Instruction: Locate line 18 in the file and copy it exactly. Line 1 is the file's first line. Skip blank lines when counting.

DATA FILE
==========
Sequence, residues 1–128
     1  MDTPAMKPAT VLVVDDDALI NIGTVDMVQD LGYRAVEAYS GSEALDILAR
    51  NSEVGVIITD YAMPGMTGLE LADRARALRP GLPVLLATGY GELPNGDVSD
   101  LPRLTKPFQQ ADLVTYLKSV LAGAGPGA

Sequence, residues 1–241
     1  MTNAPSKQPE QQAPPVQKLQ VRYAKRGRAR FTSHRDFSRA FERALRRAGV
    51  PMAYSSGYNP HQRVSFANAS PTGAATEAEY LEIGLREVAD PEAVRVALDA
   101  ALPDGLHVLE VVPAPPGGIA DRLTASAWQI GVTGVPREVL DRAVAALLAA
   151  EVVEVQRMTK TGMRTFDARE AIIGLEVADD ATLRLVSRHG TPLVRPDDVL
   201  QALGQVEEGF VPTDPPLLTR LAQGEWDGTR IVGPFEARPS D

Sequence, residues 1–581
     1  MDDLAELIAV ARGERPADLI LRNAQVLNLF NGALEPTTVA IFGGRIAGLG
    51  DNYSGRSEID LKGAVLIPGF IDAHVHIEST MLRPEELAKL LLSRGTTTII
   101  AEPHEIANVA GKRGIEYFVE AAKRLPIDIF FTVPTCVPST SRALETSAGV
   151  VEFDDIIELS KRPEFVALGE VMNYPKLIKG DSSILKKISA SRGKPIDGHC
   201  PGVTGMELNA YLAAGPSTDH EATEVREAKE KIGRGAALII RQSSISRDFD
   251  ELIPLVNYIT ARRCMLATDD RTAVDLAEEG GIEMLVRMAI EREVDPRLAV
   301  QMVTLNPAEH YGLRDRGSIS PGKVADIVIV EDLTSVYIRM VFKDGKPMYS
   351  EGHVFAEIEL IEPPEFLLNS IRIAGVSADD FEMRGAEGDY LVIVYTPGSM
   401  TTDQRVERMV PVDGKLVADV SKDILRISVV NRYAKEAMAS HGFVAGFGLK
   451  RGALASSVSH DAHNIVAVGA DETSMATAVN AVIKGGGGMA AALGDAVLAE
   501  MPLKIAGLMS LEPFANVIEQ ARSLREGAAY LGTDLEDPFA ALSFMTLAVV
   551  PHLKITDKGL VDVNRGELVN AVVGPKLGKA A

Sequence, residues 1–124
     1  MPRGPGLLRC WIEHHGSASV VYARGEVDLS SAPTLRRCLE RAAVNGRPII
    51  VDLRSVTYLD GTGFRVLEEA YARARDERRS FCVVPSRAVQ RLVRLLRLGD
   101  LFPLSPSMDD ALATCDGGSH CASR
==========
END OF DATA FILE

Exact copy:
   301  QMVTLNPAEH YGLRDRGSIS PGKVADIVIV EDLTSVYIRM VFKDGKPMYS